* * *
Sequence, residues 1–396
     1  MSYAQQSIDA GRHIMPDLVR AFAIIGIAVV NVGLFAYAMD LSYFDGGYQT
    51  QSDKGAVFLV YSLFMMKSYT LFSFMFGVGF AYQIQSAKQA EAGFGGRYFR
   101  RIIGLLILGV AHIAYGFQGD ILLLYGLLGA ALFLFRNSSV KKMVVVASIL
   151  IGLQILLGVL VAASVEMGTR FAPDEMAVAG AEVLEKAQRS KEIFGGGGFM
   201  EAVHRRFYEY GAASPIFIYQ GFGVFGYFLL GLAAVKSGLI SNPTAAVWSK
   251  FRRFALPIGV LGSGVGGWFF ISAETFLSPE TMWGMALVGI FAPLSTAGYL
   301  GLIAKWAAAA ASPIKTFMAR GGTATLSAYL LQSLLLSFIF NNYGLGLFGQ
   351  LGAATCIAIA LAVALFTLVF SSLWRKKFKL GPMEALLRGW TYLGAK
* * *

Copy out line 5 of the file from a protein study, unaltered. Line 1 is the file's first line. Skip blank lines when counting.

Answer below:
   151  IGLQILLGVL VAASVEMGTR FAPDEMAVAG AEVLEKAQRS KEIFGGGGFM